By Norah Christianson
Introduction to Poetry
By Billy Collins
I ask them to take a poem
and hold it up to the light
like a color slide
or press an ear against its hive.
I say drop a mouse into a poem
and watch him probe his way out,
or walk inside the poem’s room
and feel the walls for a light switch.
I want them to waterski
across the surface of a poem
waving at the author’s name on the shore.
But all they want to do
is tie the poem to a chair with rope
and torture a confession out of it.
They begin beating it with a hose
to find out what it really means.
Billy Collins was born in 1941 in New York City. He received his M.A. and Ph.D. in romantic poetry from the University of California. He has been called “The most popular poet in America” by the New York Times, and in 2001 was named Poet Laureate of the United States. In 2014 he traveled to Russia as a cultural emissary of the U.S. State Department. He has toured alongside the singer-songwriter Aimee Mann, presented TED talks, and given three readings of his poetry at the White House.
Some critics and poets see Collins as uninteresting and bland because he mostly writes about the mundane, and in ordinary unpoetic words. (I think they suspect him because he’s popular, and therefore too plebeian to be taken seriously. But keep in mind, critics and even poets can be jealous.) I believe, though, it is exactly his plain language, his wit, his quirky unseriousness, as well as his writing about everyday things, that makes him so beloved.
I once heard Collins read his poetry at the Sunken Garden Poetry Festival in Farmington, CT. It was a hot day and when I arrived I was dying of thirst and no water available. I wondered how I’d make it through the reading without dehydrating to death. But Collins was so absolutely charming, relatable, and so funny, his dry sense of humor did away with my thirst. (Now there’s an oxymoron.) Some people can read the train schedule and make you swoon. I think now how, even with poetry, presentation is everything. I spoke with Collins after his reading and told him how I enjoyed him, how his poems were so fine my thirst disappeared with his first poem. Later, while milling around in the crowd with my spiked punch, I overheard him happily telling the festival director what I’d said. It’s true, even The Great are pleased to be praised.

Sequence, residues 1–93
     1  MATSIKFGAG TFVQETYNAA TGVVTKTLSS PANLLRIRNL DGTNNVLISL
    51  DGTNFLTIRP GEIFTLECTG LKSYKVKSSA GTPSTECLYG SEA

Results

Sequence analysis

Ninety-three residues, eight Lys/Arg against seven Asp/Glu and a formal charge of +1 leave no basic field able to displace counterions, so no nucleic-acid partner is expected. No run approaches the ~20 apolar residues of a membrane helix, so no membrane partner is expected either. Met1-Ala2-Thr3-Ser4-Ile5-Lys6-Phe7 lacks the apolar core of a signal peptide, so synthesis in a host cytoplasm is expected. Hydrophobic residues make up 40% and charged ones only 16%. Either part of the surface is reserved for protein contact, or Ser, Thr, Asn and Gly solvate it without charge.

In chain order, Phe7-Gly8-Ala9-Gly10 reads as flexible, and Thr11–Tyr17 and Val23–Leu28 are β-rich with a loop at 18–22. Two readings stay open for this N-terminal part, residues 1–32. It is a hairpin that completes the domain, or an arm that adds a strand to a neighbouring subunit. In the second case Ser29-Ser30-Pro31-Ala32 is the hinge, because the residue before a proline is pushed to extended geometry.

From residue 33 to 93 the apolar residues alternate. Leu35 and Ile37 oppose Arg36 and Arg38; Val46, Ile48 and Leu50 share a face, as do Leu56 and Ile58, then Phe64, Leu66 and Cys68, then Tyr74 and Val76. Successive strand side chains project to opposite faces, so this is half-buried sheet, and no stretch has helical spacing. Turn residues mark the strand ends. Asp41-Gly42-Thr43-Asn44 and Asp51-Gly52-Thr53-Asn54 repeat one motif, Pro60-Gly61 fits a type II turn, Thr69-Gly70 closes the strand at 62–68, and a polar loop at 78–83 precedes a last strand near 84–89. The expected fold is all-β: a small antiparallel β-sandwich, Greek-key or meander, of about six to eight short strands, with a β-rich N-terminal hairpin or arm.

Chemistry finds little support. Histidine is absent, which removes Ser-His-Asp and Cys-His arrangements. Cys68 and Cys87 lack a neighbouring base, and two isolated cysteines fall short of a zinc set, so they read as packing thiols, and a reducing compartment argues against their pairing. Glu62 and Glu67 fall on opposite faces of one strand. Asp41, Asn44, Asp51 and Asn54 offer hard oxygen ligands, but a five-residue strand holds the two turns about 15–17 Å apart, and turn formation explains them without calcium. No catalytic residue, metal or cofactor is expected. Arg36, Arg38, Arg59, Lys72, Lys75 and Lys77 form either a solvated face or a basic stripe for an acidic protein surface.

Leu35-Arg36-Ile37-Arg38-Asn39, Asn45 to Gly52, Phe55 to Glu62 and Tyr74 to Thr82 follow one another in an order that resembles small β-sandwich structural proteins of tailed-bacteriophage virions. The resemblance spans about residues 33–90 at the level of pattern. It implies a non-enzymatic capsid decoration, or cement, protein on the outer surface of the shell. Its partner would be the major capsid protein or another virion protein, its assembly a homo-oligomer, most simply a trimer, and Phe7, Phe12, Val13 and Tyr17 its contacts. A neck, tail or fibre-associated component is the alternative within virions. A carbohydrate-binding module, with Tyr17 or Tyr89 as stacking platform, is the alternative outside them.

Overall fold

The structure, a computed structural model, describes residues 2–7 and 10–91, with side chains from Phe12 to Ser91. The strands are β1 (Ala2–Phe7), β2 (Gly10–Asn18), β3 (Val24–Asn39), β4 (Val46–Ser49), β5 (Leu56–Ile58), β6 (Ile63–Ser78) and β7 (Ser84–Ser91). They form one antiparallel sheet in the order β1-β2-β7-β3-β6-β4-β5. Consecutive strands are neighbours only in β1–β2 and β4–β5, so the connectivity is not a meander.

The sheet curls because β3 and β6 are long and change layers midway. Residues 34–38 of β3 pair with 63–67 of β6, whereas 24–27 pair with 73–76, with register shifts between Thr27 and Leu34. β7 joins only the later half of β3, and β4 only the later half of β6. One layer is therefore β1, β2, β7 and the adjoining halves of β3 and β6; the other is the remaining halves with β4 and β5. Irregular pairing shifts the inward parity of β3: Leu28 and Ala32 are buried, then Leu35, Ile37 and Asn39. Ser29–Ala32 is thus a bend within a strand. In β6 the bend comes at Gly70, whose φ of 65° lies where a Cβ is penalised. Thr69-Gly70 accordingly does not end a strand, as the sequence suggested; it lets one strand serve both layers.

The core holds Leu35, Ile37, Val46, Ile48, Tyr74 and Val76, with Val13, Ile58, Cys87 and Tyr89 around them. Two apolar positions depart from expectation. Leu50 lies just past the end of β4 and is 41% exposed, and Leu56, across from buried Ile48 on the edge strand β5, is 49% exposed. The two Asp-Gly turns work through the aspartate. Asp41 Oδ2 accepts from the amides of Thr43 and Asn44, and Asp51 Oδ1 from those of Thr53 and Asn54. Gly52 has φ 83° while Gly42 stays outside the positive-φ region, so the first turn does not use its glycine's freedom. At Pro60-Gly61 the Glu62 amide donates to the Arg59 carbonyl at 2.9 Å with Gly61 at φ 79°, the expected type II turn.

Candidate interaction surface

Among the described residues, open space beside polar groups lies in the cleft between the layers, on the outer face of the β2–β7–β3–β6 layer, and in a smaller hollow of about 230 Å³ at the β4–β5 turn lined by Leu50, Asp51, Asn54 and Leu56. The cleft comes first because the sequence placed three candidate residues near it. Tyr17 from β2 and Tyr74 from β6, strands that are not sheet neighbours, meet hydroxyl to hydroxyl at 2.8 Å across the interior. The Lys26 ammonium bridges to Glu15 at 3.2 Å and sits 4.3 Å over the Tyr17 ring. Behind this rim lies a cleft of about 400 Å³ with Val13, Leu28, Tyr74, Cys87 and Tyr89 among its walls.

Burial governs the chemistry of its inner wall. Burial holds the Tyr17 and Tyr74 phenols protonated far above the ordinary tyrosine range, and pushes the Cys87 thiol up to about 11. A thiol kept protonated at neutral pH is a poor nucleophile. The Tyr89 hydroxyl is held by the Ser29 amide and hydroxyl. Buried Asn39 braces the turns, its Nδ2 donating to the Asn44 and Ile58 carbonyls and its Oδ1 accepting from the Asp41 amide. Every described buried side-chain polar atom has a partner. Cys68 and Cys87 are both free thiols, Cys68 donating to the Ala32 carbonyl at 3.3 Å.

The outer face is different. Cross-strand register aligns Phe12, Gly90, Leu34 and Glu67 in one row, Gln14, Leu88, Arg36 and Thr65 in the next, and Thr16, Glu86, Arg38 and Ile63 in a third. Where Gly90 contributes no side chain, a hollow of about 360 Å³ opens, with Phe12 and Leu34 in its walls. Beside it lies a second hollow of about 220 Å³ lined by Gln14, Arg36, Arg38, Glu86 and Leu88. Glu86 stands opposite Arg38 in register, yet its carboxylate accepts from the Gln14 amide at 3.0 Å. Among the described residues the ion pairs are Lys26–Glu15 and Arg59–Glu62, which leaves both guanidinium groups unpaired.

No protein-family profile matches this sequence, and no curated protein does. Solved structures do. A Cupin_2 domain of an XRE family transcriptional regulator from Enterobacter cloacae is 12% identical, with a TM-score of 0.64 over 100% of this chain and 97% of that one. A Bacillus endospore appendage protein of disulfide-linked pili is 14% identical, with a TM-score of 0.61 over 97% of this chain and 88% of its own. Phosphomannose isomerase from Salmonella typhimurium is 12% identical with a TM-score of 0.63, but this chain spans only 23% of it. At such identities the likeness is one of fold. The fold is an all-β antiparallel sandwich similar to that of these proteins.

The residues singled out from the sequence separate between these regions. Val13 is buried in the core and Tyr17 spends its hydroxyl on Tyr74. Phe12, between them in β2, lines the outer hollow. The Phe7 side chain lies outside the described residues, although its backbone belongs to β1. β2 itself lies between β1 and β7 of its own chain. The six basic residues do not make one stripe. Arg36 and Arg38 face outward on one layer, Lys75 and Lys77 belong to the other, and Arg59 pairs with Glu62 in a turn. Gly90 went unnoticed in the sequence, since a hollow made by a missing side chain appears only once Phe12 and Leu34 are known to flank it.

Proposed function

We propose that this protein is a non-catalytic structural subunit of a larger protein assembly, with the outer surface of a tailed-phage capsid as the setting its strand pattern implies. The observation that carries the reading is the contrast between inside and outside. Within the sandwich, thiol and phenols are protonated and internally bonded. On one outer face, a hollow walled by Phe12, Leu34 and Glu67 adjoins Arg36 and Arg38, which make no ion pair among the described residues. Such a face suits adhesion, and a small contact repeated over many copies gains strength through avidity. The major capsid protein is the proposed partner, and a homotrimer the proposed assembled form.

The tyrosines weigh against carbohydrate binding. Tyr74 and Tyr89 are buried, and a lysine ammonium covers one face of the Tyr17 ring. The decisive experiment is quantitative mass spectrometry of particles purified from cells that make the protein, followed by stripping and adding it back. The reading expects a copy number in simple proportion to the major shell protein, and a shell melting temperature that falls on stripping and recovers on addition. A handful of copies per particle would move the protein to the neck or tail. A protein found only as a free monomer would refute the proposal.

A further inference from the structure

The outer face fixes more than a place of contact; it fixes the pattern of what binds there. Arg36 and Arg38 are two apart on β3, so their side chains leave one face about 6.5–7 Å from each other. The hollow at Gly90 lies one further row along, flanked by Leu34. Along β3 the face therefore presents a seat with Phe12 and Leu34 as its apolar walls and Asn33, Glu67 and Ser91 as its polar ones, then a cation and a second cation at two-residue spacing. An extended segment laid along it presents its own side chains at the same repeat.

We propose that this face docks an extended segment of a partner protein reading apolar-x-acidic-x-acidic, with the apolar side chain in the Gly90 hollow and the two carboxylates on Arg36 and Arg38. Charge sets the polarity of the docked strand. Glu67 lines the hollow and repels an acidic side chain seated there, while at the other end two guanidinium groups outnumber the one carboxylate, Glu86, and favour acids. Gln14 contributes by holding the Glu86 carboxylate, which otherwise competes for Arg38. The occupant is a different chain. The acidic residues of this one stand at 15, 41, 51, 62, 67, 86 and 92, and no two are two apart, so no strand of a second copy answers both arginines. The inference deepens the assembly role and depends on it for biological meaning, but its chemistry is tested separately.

Talking to a friend the other day, I confessed that I can really, really love a poem—its mood, the beautiful and strange words, the feelings it gives me—and not know precisely what the poem means. I have a sense, but what the poet literally means, I am unsure. For instance, I love Theodore Roethke’s poem “The Waking,” but cannot figure out what he specifically means by his first line, “I wake to sleep, and take my waking slow.” It’s puzzling. I could sit for an hour wishing he’d said instead, “I wake from sleep….” I could examine it for another hour and write down several imaginative personal interpretations (what grad students do), but not have them mean what the poet meant. In the end, I really can’t know what it means. I only know I love it.
Billy Collins, in his poem “Introduction to Poetry” is defending the idea that, as Archibald MacLeish has written, “A poem should not mean, but be.” Collins is writing here as a teacher of poetry speaking to his students, asking them to see a poem as a work of art, as a kind of mystery. He wants his students to simply experience the poem, to have an emotional response as if they were looking at a form of art. We look at “Whistler’s Mother” and feel peaceful. But we do not pick the old lady apart, or demand to know what she means by holding on to that handkerchief, or demand that Whistler explain why he painted her and not a busty milkmaid, etc. We do not look at “Starry Night” and insist on knowing why Van Gogh painted those twirly stars instead of artichokes, or what do those stars symbolize anyway? We just look and love.
Collins wants his students to hold the poem up in the light, to really listen to it, to waterski over it, to have fun with it. But all the students want is to beat a meaning out of it.
And here’s a piece of irony! Look what I’ve just done! I’ve gone ahead and beaten a meaning out of this light-hearted, funny, wise poem. But then, if I didn’t, I’d be out of a job.